Low Back Pain

The spine of the low back is referred to as the lumbar spine in scientific circles. The spine is made of vertebrae that are stacked together to provide protection, movement and support to the spinal cord. The spinal cord is composed of nervous tissue that extends down the spinal column from the brain. This lumbar region of the spine is very susceptible to pain because it supports most of the body weight.

Low back pain can range from a dull ache to a stabbing or shooting sensation. This can be so painful that it can hard to move or stand up straight. It can comes on suddenly, such as during sports or heavy lifting. Pain that lasts more than three months is considered chronic pain. If it last for less than three months, it is called acute pain.

What Causes Low Back Pain?

Most people experience back pain in their late 20s to 30s. The older we get, the higher the chances of experiencing low back pain. Some of the frequent causes of low back pain include lumbar strain, nerve irritation, pinched nerve, bony encroachment of bone into the spinal canal, and other conditions of the bone and joints.

Another cause for low back pain is muscle strain, it can result from heavy lifting or vigorous exercise. Even repeatedly carry a purse, backpack, or briefcase over your shoulder can strain the lower back. Being overweight, having a sedentary lifestyle or having a physically strenuous job can increase your risk of developing back pain.

If you’ve had a recent fall or injury that has resulted in back pain, visit your doctor.

Delineating a more precise cause may require the use of imaging studies like MRI, CT and X-rays.

What Are The Symptoms Of Low Back Pain?

Low back pain can cause a wide variety of symptoms depending on the cause. The symptoms can include numbness or tingling of the lower limbs, incontinence of urine or stool, inability to walk without worsening pain, weakness of lower extremity, decreased size of the muscles of your lower extremities, joint pain, and fatigue. 

The intervertebral discs are prone to wear and tear from aging or injuries. This may cause it to rupture or bulge, and put pressure on the spinal nerves. This condition is known as a herniated disk and can cause intense pain in the low back.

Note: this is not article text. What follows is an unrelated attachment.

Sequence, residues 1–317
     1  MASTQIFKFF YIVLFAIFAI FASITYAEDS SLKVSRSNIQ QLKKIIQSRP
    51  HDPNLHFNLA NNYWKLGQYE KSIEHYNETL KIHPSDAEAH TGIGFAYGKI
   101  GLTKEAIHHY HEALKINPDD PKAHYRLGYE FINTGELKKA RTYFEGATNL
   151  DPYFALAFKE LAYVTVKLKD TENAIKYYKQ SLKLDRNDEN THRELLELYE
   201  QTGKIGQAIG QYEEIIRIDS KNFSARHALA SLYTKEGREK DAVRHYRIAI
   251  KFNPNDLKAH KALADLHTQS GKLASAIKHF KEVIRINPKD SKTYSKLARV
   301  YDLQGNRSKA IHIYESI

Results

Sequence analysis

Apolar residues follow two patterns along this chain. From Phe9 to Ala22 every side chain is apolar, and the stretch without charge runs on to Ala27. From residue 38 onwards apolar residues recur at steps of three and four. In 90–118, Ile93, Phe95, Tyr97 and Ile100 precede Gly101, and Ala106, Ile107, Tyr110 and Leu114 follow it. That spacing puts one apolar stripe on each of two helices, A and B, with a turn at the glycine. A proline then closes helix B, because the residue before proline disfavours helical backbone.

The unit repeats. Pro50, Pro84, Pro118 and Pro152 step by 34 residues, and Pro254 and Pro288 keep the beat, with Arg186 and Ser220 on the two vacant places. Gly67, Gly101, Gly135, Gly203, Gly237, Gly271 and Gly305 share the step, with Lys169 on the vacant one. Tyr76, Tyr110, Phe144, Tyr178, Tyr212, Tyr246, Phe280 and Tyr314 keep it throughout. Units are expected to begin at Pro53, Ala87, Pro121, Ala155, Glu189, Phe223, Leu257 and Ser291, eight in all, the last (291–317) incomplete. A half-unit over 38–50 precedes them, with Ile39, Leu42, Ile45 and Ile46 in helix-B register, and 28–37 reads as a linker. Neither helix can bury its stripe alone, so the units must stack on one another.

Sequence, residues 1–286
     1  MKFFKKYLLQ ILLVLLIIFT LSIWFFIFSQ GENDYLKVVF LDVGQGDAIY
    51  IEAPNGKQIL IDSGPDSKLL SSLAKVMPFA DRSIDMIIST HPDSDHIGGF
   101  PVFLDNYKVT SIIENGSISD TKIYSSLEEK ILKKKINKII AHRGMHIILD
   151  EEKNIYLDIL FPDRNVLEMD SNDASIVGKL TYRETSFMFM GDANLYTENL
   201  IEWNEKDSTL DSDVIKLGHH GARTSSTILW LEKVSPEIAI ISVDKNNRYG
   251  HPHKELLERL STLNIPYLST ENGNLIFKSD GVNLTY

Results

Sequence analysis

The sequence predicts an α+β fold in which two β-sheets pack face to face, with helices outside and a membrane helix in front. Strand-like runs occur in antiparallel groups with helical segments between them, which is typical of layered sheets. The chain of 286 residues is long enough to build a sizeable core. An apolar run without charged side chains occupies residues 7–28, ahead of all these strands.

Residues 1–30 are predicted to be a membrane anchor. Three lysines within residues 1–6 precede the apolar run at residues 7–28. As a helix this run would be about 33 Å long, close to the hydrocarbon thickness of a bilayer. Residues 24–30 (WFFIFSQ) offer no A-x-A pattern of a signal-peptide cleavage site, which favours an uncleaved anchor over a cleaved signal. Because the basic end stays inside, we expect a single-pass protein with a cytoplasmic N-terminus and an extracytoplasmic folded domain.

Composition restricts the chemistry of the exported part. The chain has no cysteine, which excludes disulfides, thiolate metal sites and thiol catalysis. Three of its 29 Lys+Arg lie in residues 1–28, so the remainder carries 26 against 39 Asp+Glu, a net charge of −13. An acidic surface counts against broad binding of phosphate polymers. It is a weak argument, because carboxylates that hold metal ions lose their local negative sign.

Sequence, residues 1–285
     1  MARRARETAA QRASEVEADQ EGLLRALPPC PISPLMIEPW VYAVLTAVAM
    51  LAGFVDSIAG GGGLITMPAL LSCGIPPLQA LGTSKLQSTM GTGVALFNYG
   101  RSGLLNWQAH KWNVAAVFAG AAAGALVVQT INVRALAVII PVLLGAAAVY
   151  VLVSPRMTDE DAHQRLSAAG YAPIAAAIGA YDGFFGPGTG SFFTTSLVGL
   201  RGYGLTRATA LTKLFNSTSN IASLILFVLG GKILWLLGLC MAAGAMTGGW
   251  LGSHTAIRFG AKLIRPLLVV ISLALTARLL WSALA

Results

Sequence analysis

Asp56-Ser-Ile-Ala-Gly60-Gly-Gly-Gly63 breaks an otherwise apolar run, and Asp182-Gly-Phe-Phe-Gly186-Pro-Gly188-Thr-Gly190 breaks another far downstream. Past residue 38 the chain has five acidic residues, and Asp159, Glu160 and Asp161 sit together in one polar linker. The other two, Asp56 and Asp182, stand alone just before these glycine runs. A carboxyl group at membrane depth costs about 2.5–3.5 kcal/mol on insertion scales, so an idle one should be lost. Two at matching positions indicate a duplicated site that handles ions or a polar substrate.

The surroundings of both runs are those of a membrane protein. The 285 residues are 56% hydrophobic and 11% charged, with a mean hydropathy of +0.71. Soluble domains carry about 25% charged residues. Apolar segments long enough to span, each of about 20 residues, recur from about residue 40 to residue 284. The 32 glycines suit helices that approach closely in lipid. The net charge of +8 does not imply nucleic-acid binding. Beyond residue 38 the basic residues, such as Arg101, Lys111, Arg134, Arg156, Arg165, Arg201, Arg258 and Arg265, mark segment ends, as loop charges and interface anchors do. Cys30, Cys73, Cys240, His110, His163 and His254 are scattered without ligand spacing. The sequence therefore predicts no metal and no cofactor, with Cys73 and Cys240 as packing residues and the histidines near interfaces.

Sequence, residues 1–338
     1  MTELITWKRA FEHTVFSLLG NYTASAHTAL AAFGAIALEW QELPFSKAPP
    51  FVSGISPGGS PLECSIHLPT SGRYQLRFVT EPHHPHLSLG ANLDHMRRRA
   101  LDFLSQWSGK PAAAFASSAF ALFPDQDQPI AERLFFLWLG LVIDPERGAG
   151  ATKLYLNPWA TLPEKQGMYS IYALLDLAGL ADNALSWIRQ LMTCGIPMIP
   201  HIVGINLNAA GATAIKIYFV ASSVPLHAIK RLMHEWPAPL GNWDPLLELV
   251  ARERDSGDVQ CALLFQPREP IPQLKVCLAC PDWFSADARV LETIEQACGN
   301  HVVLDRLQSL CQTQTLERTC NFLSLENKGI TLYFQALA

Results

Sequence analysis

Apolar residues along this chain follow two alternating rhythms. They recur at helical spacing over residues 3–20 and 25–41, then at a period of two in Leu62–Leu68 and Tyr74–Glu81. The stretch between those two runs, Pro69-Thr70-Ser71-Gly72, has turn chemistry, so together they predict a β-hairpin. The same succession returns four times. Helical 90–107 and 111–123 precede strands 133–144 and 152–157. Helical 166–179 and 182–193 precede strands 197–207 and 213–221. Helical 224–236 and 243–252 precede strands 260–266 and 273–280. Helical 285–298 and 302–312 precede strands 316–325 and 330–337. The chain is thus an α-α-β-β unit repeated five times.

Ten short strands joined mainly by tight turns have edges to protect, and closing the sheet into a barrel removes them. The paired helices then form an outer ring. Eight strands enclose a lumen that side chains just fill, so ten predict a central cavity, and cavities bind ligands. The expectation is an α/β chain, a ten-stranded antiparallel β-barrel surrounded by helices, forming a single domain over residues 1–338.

Spinal stenosis is a narrowing of the space around the spinal cord, which can put pressure on the spinal nerves. Conditions like spondylitis may inflame the joints of the spine and cause chronic back pain and stiffness. In serious cases, spinal vertebrae start to fuse together.

Back pain due to muscle strain will usually get better eventually, but taking steps to make yourself more comfortable like using a heating pad or warm baths may provide faster pain relief.

Diagnosis of Low Back Pain

Low back pain is diagnosed based on cumulative analysis of your medical history, physical examination and diagnostic imaging scans.

Physical examination: Physical examination involves assessing the degree of motion, site of pain and evaluation of nerve and muscle using specific movements. Your doctor may be able to diagnose nonspecific low back pain from the description of the pain and by examining you.

Diagnostic imaging: Imaging studies such as X-rays, CT scans and MRIs may be ordered to investigate extent of degenerative changes and helps visualise all involved tissues like bone, muscles, nerves, ligaments and cartilage. These imaging studies can help to determine the exact cause of your low back pain, especially to assess if there is involvement of a nerve root. These studies can also help determine the most suitable treatment option for you.

Treatments for low back pain

Low back pain is usually treated through medical intervention and non-invasive therapies, surgery is typically last resort.

Research indicates that massage therapy, stretching and exercise can alleviate pain in the low back both short-term and long-term. Over-the-counter pain killer medications can help relieve muscle aches. If these don’t work, your doctor may prescribe stronger medication.

Physiotherapy can help you strengthen your back through stretches, exercises, and low-impact cardio without straining your back.

If pain is interfering with your daily life, and other treatments have not provided relief, surgery may become an option. Depending on the cause of your pain, a surgeon may remove a herniated disc, widen the space around the spinal cord, and/or fuse two spinal vertebrae together.

There are many surgical options available and your doctor may need to tailor the surgery for you. These days, minimally invasive procedures like endoscopic surgeries are preferred for chronic and worsening low back pain.


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